Guided by an interest in ethnography, Ken Lum creates works that are politically charged and that frequently address the experience of culture clash. Seeking to engage the viewer in dialogue, Lum's installations and sculptures often immerse his audience in a foreign locale, miming the experience of an immigrant or of an earlier time. A monumental globe featuring national boundaries, the public art commission January 1, 1960 was erected in a troubled, multiethnic neighborhood in Utrecht, provoking questions of multiculturalism and globalization. Lum has represented in Canada at the Sao Paolo Biennial, the Sydney Biennial, and the Johannesburg Biennial and was a Guggenheim Fellow in 1999.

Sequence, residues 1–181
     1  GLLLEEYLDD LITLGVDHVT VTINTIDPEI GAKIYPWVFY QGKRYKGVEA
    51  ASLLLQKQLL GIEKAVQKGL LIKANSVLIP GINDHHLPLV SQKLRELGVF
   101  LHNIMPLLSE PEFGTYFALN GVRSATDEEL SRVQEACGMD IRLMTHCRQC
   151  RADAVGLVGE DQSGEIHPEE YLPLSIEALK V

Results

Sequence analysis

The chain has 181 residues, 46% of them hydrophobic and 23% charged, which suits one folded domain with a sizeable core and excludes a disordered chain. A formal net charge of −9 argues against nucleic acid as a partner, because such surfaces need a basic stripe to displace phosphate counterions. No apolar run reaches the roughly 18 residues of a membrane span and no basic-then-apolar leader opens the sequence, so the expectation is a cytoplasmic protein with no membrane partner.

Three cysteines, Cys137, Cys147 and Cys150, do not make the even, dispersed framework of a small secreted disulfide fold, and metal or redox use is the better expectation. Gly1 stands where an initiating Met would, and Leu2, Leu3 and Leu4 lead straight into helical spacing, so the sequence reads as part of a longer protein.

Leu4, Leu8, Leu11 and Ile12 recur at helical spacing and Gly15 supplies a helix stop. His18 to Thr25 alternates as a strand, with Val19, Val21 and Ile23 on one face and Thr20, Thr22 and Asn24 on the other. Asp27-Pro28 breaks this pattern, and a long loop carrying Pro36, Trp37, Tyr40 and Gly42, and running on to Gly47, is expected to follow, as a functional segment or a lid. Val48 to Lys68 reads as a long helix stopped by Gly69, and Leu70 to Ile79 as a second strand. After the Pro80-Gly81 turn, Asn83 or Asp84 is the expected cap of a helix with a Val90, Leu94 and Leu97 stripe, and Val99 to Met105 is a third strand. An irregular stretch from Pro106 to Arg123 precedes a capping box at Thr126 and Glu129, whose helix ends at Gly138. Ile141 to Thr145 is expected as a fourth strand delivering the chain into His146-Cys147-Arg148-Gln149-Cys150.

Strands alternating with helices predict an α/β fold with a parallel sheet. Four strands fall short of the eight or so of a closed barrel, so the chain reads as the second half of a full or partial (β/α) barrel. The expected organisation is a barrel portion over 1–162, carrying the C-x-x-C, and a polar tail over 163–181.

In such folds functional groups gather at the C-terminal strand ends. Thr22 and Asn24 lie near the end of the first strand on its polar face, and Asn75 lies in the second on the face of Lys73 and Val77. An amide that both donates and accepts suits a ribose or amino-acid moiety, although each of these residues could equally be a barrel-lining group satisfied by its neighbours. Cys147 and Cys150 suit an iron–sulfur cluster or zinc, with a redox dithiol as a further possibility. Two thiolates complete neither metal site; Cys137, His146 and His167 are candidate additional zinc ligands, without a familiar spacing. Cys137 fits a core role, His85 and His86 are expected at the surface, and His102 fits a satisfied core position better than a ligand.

French philosopher Hubert Damisch frequently works within the fields of art history and aesthetics. His melding of semiotics, psychoanalysis, anthropology, and art criticism creates thoughtful scholarship and rich analyses. A resident scholar at the Getty Research Institute, Damisch has also taught at Cornell University and at Columbia University.
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